Engineering students fish for better prosthetics
A. Sue Weisler
Making a robotic fish means researching and studying how real fish move.
It’s an assignment Kathleen Lamkin-Kennard gives to her engineering students, and although they give her puzzled looks, it is the first step in designing a robotic creature that moves as sinuously as a real fish.
“I was looking for a fun senior design project. Students like to build things, and the soft, stretchy muscle actuators (artificial muscles) are lightweight and present an interesting design challenge,” said Lamkin-Kennard, an associate professor of mechanical engineering.
While whimsical, it is serious science where flexible muscles designed today could be part of better functioning assistive technologies for people tomorrow.
Lamkin-Kennard’s students are learning to understand motion and to replicate it through technology that might mean mobility for individuals who may not have had that option before.
Lamkin-Kennard’s work builds on her experience in industry, where she helped to develop a high-fidelity, robotic patient simulator device. She used that experience to create unconventional senior design projects, starting with a robotic hand in response to increased interest in prosthetics and wearable technologies.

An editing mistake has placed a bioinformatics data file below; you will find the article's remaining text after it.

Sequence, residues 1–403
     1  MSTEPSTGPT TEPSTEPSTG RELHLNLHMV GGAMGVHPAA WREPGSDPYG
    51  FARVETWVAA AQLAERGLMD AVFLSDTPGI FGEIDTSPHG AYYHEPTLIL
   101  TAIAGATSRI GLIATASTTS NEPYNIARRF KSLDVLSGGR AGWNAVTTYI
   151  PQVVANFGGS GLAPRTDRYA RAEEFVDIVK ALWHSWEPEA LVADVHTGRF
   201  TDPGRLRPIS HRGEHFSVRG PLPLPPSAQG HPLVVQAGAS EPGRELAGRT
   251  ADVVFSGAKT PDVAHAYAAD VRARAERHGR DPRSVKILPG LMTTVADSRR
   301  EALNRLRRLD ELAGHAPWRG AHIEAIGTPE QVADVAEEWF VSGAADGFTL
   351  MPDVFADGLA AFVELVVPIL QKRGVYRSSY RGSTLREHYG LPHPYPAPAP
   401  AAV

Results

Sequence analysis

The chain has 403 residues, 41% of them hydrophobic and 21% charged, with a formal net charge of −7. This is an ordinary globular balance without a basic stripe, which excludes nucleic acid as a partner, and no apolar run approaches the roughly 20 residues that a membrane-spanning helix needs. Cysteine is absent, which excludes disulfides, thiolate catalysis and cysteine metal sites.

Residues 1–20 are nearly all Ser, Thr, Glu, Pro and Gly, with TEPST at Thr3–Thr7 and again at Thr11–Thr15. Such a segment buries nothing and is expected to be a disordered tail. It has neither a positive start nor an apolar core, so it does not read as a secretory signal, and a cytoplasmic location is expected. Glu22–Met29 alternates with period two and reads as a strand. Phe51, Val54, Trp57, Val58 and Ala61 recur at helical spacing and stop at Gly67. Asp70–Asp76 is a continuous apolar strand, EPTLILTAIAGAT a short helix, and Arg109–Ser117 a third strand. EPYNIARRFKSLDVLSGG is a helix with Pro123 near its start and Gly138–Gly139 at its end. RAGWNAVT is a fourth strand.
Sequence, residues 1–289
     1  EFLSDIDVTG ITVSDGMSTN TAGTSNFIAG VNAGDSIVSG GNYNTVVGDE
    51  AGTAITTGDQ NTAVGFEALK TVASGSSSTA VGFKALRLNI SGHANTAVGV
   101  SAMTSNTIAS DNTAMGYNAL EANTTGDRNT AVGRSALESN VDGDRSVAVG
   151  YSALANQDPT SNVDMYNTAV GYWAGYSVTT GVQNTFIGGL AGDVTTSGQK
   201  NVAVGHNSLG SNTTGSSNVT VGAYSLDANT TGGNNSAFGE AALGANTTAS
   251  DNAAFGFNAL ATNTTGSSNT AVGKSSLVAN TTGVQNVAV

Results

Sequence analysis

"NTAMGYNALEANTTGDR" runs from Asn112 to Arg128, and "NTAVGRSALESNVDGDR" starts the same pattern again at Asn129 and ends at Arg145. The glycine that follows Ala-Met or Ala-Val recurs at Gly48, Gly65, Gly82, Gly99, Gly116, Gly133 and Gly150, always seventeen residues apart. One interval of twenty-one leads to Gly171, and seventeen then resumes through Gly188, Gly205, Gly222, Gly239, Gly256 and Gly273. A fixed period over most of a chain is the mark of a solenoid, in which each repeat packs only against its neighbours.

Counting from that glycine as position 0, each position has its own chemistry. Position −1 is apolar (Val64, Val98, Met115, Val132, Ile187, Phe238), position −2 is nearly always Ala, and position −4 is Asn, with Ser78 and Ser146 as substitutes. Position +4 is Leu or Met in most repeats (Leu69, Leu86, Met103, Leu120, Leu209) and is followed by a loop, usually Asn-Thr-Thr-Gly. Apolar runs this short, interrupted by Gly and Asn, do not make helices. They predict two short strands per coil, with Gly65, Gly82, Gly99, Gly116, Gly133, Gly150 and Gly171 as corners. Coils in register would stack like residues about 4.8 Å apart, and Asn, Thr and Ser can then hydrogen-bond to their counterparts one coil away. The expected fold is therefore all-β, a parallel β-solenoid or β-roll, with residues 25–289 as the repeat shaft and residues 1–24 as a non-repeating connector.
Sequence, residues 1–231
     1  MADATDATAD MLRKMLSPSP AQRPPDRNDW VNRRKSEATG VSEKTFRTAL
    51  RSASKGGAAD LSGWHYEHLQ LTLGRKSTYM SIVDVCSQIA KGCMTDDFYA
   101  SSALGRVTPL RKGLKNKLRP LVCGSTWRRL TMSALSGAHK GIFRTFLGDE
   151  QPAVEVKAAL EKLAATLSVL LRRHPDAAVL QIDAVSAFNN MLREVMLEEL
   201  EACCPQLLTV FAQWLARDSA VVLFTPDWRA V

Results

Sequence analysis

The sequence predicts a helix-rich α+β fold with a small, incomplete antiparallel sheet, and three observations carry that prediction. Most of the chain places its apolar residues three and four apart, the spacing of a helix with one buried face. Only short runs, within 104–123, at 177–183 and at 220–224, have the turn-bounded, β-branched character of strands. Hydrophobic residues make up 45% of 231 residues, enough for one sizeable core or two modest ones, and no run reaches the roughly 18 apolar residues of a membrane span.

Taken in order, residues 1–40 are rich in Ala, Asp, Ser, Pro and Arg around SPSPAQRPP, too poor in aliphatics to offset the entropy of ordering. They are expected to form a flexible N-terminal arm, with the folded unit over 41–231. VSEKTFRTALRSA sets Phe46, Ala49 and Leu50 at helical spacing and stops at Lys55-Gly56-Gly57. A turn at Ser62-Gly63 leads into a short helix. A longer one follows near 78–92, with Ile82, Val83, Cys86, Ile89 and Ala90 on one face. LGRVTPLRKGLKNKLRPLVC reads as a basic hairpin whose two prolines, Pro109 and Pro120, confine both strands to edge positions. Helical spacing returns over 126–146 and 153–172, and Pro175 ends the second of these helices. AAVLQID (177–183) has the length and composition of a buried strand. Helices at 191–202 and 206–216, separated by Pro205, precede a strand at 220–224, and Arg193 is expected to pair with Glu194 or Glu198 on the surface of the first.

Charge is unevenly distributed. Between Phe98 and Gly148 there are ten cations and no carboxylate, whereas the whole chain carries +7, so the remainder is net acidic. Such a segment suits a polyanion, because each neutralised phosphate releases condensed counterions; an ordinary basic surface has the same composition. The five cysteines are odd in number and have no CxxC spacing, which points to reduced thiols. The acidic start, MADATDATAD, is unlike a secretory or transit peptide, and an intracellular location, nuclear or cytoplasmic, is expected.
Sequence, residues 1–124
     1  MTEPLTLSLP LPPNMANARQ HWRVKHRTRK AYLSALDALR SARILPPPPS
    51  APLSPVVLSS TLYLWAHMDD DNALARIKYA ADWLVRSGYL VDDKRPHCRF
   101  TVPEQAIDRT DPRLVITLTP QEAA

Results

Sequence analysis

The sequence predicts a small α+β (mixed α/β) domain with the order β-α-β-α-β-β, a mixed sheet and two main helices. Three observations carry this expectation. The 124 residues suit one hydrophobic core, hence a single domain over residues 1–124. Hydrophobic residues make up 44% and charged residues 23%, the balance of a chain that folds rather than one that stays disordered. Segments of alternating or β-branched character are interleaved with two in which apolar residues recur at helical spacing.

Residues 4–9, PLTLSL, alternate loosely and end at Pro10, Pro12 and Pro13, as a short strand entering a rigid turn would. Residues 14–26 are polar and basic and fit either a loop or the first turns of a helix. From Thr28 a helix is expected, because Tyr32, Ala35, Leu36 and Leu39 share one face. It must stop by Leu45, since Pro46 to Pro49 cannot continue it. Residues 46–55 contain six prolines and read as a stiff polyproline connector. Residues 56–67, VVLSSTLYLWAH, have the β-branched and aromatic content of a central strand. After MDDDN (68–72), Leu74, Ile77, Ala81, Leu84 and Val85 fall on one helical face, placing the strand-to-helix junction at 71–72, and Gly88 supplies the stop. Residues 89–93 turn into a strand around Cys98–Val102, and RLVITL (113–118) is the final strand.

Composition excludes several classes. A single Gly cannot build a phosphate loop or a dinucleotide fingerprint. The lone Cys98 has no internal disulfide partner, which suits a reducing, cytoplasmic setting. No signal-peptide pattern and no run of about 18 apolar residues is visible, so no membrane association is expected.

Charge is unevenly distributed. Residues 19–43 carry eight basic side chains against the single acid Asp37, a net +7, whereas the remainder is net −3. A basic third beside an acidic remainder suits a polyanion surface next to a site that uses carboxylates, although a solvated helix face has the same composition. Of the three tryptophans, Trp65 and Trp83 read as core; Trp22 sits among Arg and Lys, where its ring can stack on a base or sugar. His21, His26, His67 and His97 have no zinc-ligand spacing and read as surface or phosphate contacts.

That early work proved soft muscle actuators could be used for different types of motion. New projects evolved into robotic systems that walked, jumped and swam.
“There is a big push in the robotics field for taking inspiration from nature. There are some very efficient designs in nature and in the bodies of animals that are just so spectacular. How can we use that?” said Lamkin-Kennard, whose menagerie of robotic animals now includes an ant, otter, trout-like fish and multi-leg crab—all built using flexible actuators and sensor technology.
Each project challenged the students to expand capabilities from movement on land to motion underwater, from increasing the number of sensors included in a design to ensuring that the mechanical systems were waterproof.
“We made these robotic creatures. But for me, it is really the end goal—how can we adapt this?” said Lamkin-Kennard, who continues to adapt this work, collaborating with peers in RIT’s assistive technology group, expanding techniques for exoskeletons and surgical robots and using newer, stretchy elastomeric materials that are able to hold an electric charge. Using that charge, the material contracts, similar to the way human muscles do after receiving an electrical impulse from the brain.
What if more assistive devices could be built with this technology?
“That’s what we are looking at long term,” she said.